The Trackball

The trackball is a mounted sphere that can be rotated in all directions and can be placed on a table or special fixing. The ball is usually used for moving the cursor on a screen. The cursor moves a certain distance (x/y directions) or with a speed propor­tional to the movement of the ball.

5.5.3 The Joystick

The joystick, which is a lever movable in all directions, has a similar function to the trackball.

5.5.4 The Mouse

The mouse is a small device with wheels or a ball mounted on the underside. If the mouse is moved to the left or right, this represents a corresponding movement on the screen. The mouse is especially suited for moving the cursor and for transferring graphic information. There is no conclusive evidence to produce recommendations for the use of the trackball, mouse, or joystick. In practice most people seem to prefer the mouse if one has access to a free table surface; otherwise, the trackball is gener­ally preferred.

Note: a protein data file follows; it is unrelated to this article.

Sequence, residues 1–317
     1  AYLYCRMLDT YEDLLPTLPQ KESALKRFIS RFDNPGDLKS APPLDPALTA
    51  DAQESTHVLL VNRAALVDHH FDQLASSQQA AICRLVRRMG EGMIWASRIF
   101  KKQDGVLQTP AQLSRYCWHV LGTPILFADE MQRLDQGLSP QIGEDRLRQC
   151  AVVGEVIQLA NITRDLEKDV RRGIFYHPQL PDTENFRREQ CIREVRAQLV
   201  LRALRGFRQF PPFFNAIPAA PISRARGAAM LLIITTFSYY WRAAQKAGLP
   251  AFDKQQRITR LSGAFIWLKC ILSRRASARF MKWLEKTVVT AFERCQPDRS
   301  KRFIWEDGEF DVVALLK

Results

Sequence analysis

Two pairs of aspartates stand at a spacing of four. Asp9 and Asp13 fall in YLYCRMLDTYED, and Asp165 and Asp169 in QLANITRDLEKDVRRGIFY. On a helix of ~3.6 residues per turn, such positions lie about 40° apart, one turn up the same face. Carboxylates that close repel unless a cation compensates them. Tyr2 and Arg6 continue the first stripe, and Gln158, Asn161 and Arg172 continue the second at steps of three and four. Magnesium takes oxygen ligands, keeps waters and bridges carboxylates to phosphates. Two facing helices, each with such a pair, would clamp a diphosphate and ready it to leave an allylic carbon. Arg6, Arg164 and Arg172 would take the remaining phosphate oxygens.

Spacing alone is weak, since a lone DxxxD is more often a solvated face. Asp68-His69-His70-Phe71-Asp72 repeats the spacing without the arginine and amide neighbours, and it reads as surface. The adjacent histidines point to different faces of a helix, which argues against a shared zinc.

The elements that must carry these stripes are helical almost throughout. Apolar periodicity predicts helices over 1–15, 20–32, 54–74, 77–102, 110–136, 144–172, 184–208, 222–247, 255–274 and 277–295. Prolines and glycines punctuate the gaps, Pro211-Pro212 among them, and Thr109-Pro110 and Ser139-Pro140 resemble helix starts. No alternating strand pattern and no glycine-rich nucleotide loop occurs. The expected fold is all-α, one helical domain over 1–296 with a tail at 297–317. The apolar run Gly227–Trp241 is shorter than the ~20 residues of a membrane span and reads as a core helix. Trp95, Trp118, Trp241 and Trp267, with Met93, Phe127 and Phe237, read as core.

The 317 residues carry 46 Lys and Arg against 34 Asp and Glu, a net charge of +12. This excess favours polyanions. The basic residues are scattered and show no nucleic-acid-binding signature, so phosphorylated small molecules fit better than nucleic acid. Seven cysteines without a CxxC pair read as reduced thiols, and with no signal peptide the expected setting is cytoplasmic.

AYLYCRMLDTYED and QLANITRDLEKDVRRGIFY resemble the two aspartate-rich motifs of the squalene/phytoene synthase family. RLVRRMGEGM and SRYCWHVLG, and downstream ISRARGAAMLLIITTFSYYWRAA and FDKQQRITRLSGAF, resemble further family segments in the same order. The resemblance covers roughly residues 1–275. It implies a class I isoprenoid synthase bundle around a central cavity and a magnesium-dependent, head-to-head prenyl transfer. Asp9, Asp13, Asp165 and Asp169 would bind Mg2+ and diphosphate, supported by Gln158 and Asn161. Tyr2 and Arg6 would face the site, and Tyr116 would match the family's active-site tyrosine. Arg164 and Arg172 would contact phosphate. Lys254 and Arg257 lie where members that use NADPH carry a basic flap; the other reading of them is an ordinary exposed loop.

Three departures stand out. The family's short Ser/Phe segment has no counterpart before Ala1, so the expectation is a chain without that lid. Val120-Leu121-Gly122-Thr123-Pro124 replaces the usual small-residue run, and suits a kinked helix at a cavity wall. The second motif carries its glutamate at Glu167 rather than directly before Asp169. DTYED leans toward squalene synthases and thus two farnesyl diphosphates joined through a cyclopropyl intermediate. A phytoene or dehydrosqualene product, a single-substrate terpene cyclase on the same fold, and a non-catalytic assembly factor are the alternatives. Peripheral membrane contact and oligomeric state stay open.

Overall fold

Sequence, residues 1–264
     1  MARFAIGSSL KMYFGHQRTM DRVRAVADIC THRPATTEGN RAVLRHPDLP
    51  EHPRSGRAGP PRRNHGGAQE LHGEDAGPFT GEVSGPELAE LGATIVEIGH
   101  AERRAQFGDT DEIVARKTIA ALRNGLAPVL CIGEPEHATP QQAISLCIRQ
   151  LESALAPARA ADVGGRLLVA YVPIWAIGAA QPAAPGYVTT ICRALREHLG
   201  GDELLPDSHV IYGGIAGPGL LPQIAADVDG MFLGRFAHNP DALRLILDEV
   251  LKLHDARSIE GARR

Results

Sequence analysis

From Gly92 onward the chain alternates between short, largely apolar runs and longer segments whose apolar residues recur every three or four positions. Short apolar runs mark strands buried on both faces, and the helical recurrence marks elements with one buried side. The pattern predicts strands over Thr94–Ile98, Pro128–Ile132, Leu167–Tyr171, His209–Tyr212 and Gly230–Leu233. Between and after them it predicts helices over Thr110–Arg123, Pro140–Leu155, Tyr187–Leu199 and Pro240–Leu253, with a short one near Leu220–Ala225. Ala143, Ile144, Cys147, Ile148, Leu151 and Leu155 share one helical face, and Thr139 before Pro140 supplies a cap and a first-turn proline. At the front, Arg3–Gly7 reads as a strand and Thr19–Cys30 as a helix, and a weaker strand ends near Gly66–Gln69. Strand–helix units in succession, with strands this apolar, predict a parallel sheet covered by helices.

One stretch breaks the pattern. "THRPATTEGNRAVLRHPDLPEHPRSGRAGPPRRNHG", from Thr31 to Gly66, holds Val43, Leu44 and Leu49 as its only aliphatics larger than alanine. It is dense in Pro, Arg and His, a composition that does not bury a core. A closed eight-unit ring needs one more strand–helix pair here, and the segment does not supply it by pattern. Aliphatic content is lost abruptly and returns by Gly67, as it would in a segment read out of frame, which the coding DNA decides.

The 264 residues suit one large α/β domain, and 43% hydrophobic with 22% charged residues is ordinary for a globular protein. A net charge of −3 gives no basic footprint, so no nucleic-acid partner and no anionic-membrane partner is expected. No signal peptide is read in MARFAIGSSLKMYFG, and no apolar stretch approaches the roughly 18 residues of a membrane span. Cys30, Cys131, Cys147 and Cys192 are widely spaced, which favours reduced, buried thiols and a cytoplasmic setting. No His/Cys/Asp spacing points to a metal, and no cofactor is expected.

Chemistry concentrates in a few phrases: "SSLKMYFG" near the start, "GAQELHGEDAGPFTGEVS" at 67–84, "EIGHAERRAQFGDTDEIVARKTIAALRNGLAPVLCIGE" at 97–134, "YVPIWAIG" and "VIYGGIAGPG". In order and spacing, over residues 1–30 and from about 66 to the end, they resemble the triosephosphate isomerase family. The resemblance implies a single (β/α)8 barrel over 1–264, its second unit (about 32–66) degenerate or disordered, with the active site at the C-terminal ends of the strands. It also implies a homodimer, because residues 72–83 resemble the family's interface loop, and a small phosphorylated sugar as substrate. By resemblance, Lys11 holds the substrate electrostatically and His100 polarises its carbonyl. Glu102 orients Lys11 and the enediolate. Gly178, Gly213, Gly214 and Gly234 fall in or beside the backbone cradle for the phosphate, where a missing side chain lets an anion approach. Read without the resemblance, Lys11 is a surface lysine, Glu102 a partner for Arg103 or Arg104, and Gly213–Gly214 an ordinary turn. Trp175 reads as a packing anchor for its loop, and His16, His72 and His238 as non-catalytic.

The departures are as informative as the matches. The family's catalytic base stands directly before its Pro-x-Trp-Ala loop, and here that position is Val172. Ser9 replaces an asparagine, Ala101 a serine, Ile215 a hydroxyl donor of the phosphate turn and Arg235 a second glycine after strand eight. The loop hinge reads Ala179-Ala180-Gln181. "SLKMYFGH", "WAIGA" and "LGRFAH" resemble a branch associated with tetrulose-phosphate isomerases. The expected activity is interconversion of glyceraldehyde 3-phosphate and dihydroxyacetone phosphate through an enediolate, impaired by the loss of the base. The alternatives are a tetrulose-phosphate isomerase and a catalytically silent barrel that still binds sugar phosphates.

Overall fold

5.5.10 Other Traditional Computer Controls

There are also many traditional types of control, such as small wheels or levers. These more traditional types of control devices are usually used for moving the cursor on the screen. However, in the future there will be a need for new types of controls which suit the computer applications within the process industries better. Traditional control panels, dynamically presented on a VDU, can sometimes be an improvement on a keyboard to provide direct feedback of different control settings.

A very good illustration of feedback related to controls is the manual gear stick in a motor vehicle. A trained user can tell its functional position from a quick glance at its position or even by touching and holding the gear knob, and by the sound of the engine. This form of feedback is partly tacit and it helps the operator to update his ongoing tacit knowledge of the current state of the process. While this situation is evident in driving a vehicle, it is not apparent when operating a computer keyboard. There is a need for new creative solutions to this problem. To be solely dependent on keyboards is insufficient as to a large extent a keyboard does not provide process feedback to the operator.